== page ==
From BBC Ouch: Training to use a guide dog isn’t always a walk in the park.

This is a great podcast discussing the pros and cons to owning a guide dog. It is a HUGE decision that should be made after much research and making sure a guide dog is a good fit for both you, your family/loved ones and the animal.

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Chris Lona of CL Design and Shellianne Redding of Low Vision Support Group

Blind Collaboration

Inclusive Web Accessibility (IWA) by CL Design eliminates these barriers (and more) for people and empowers organizations by tying ROI to aligning with multiple web accessibility regulations. IWA’s empowerment extends to anyone with visual, hearing, cognitive, visual, sensory-motor, dexterity, and/or physical impairments.

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chris-barriers-to-accessibility

Have you seen EmpowerPeopleOnline.com?

If not, just take 30 seconds to change your view of how accessible and straightforward a website can be for…

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Clip art image of screen reader workflow

Interactive Web Accessibility: The New and Improved Mousetrap?

Assistive technology (AT) already plays a significant role in my life. in I am extremely blessed to have my screen magnifier/reader. Without it, I would probably never touch a computer again. However, my relationship with screen readers is a love-hate relationship.

The screen reader’s voice sounds like a monotone robotic voice lacking inflection, emotion, pitch, or variations in the tone and rhythmical flow/pattern of the human voice.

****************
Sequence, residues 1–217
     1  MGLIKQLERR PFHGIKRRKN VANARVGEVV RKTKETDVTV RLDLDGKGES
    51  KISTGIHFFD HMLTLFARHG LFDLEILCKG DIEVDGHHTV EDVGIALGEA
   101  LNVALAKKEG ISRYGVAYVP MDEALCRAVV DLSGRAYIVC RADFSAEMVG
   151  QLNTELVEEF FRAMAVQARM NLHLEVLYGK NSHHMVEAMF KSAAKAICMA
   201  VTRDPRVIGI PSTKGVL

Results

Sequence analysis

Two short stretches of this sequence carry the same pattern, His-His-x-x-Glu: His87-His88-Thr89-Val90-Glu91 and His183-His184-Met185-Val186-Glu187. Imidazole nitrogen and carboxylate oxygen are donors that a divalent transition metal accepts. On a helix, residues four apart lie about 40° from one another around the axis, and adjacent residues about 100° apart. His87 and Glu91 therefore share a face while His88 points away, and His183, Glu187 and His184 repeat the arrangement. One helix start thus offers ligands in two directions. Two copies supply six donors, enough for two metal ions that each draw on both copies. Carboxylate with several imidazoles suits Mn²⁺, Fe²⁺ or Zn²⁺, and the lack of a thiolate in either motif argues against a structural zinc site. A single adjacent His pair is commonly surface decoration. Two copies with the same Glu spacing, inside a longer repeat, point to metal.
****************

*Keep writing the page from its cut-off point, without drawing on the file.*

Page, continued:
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decorative photo of keyboard

What I Learned from the 8-18-20 #AXSChat

This post is a long response to an #axschat that takes place weekly on twitter. In the weekly sessions, various…

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Clip Art of Lady with Black Hair Looking Through a Large Magnifier

Accessibility: Can We Outlaw Grey Text on White Background?

Accessibility seems to be the “cause de jour” in the tech world these days with tech giants like Facebook, Google and Microsoft pledging their commitment to Accessibility (making the internet more user-friendly for people with disabilities). As a visually impaired user and founder of a website created for the sole purpose of supporting those with visual impairments (LowVisionSupportGroup.com), I am hopeful and grateful that this issue has received so much attention. I do not want to rain on Facebook, Google nor Microsoft accessibility parade, but I urge anyone who wants to make the web more accessible to those with visual impairments take a step back and do some very simple fixes to their sites first. The first thing that could be done is to do away with grey or silver text on a white background. For people like me with visual impairments that impact our ability to see color, grey or silver text on a white background can make a site virtually useless. This seems like a very simple fix so I do not understand why grey or silver text on white seems to be the default color scheme of so many sites.

“Accessibility Teams” issuing glossy press releases touting their commitment to making the web more accessible. However, I feel like we are putting the cart before the horse, so to speak.

Features like voice over and designing sites to be more screen-reader friendly are all admirable and badly needed features for people like me who are losing their vision.

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